Placebo RAPTIVA 1 mg/kg/wk Difference (95%CI)
Study 1 4%
n = 187
n = 369
(16%, 29%)
Study 2 2%
n = 170
n = 162
(28%, 46%)
Study 3 5%
n = 122
n = 232
(9%, 27%)
Study 4 3%
n = 236
n = 450
(15%, 27%)
a p < 0.001 for comparison of RAPTIVA group with placebo group using Fisher's exact test within each study.

All three components of the PASI (plaque induration, scaling, and erythema) contributed comparably to the improvement in PASI. Other clinical responses evaluated (Table 2) included the proportion of patients who achieved minimal or clear status by a static Physician Global Assessment (sPGA) and the proportion of patients with a reduction in PASI of at least 50% from baseline (PASI-50) 1 week following the 12-week treatment period. The sPGA is a 6 category scale ranging from “very severe” to “clear” indicating the physician's overall assessment of the psoriasis severity focusing on plaque, scaling and erythema. Treatment success of minimal or clear consisted of none or slight elevation in plaque, none or minimal white color in scaling, and up to moderate definite red coloration in erythema. Across all four studies, the percentage of patients with baseline sPGA classifications of moderate was 48-56%, severe 33-43%, and 3-6% were classified as very severe.

Table 2: Percentage of Patients Responding after 12 Weeks of Treatment

Outcome Measurement Study Placebo RAPTIVA 1 mg/kg/wk Differencea
(95% CI)
sPGA: Minimal or Clear 1 3% 26% 23%
(16, 30)
2 3% 32% 29%
(21, 39)
3 3% 19% 16%
(8, 25)
4 4% 20% 16%
(11, 22)
> 50% improvement in PASI (PASI-50) 1 14% 59% 45%
(37, 53)
2 15% 61% 46%
(37, 56)
3 16% 52% 36%
(26, 47)
4 14% 52% 38%
(31, 45)
The number of patients in each study and treatment group is the same as listed in Table 1.
a p < 0.001 for comparison of RAPTIVA (efalizumab) group to placebo group using Fisher's exact test for all comparisons between groups.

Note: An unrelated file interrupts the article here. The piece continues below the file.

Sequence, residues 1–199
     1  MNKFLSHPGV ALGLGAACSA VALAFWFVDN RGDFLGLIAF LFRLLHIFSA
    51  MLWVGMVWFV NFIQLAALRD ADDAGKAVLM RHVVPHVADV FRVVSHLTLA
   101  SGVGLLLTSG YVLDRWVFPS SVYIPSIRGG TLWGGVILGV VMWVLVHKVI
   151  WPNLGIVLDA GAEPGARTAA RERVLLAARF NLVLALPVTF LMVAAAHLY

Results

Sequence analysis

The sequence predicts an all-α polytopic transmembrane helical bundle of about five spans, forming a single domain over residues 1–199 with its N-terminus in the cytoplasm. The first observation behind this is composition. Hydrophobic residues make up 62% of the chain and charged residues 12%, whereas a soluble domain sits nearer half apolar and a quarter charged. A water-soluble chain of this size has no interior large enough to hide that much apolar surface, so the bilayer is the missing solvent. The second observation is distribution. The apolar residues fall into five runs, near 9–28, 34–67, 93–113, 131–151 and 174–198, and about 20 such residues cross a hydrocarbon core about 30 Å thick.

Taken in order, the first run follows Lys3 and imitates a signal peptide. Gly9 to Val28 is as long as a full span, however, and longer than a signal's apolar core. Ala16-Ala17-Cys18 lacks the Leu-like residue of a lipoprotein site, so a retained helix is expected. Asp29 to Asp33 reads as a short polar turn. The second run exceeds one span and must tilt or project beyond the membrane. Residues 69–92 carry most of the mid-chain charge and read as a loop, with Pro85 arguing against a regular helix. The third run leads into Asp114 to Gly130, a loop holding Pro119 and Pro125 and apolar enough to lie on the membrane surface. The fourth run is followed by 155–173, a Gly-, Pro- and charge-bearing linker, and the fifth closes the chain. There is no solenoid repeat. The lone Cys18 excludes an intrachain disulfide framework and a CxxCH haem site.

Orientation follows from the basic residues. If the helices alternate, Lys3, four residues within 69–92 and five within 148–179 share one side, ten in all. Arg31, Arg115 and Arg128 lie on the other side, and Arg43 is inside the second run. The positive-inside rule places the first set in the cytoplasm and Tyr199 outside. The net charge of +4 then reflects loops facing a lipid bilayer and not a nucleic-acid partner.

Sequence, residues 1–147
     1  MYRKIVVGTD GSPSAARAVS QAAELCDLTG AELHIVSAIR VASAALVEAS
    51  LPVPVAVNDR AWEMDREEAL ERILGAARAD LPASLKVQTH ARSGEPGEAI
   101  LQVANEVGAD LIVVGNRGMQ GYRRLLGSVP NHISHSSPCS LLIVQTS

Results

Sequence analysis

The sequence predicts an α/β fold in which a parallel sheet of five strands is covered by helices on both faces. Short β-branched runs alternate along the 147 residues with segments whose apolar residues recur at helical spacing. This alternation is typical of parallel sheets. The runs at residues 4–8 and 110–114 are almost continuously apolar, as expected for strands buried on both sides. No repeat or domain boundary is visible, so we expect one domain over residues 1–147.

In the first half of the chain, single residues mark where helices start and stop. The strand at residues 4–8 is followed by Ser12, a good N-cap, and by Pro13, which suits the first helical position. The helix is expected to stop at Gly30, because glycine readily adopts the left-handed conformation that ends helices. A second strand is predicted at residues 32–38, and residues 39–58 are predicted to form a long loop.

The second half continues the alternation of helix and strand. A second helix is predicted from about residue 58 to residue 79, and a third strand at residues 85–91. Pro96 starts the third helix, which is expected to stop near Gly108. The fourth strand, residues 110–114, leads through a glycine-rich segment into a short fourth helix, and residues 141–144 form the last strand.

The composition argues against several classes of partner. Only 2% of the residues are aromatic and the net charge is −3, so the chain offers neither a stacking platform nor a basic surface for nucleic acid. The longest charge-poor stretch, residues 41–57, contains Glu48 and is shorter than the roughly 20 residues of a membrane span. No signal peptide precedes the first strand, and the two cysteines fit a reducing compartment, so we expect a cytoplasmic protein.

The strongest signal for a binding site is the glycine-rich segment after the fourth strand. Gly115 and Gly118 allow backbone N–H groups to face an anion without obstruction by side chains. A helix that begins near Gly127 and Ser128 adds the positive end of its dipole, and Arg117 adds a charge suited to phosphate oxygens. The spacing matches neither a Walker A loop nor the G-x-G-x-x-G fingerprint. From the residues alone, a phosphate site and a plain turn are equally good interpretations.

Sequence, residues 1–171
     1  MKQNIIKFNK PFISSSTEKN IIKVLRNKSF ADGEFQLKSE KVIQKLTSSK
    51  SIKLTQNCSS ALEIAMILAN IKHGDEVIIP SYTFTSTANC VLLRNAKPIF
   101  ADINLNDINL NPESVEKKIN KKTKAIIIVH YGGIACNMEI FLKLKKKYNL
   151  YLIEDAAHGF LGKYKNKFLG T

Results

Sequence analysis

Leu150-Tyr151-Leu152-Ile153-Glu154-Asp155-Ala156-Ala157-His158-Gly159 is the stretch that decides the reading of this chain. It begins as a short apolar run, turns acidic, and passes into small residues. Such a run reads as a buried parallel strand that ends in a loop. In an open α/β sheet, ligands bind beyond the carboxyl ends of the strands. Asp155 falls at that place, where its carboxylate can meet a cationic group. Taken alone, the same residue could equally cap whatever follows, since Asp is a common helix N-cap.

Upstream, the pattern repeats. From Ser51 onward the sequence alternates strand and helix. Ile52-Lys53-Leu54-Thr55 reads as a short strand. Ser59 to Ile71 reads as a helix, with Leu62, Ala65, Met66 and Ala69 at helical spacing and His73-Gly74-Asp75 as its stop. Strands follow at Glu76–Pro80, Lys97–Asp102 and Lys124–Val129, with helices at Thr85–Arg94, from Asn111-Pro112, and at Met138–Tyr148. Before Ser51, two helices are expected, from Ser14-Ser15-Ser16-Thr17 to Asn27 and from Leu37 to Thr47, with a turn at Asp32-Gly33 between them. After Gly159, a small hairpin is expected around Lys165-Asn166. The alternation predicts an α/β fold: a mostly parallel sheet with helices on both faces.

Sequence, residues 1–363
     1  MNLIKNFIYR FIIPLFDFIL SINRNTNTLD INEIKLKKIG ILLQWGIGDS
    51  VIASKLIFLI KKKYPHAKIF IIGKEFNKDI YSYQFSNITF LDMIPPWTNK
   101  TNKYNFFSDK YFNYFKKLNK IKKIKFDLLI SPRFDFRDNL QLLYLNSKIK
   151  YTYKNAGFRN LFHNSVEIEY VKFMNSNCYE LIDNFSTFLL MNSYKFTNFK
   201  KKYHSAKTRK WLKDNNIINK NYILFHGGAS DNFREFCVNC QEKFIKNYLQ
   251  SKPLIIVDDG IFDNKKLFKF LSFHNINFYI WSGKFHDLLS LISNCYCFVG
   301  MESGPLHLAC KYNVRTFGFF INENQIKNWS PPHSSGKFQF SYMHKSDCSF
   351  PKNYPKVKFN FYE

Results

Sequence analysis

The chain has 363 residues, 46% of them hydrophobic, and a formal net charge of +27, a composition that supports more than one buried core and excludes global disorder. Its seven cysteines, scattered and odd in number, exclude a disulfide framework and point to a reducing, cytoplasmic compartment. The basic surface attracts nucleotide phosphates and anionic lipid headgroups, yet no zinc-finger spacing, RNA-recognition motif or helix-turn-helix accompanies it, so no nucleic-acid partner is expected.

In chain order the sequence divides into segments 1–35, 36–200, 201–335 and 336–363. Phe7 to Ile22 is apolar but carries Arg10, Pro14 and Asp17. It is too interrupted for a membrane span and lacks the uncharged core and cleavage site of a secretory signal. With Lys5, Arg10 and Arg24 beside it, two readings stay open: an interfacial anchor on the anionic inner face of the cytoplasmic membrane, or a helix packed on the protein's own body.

In Study 1, 12% of RAPTIVA (efalizumab) -treated patients achieved a PASI-50 at Week 4 compared with 5% for placebo. The median time to PASI-50 among PASI-75 achievers was approximately 6 weeks. Similar results were observed in Studies 2, 3, and 4.

In Study 3, sustained response to extended RAPTIVA (efalizumab) treatment was evaluated. RAPTIVA (efalizumab) -treated patients who achieved a PASI-75 response at Week 12 were re-randomized to receive RAPTIVA (efalizumab) or placebo for a second contiguous 12-week treatment period. Sixty-one of 79 patients (77%) re-randomized to a second 12-week treatment period with RAPTIVA (efalizumab) maintained PASI-75 response compared with 8 of 40 patients (20%) re-randomized to placebo. Sustained responses to RAPTIVA (efalizumab) have also been observed in uncontrolled, open-label extension treatment trials when patients received RAPTIVA (efalizumab) without interruption for 24 weeks.

In Study 2, response to intermittent RAPTIVA (efalizumab) treatment was evaluated among patients who achieved PASI-75 response with 12 weeks of RAPTIVA (efalizumab) treatment and were followed off-treatment until relapse of psoriasis (50% loss of treatment response). In patients who resumed RAPTIVA (efalizumab) treatment upon relapse of psoriasis, 31% (17/55) re-established a PASI-75 response (compared with the initial baseline). After 12 weeks of treatment, the median duration of a PASI-75 response after RAPTIVA (efalizumab) discontinuation was between 1 and 2 months.

The safety and efficacy of RAPTIVA (efalizumab) therapy beyond 1 year have not been established.

Last reviewed on RxList: 12/8/2016
This monograph has been modified to include the generic and brand name in many instances.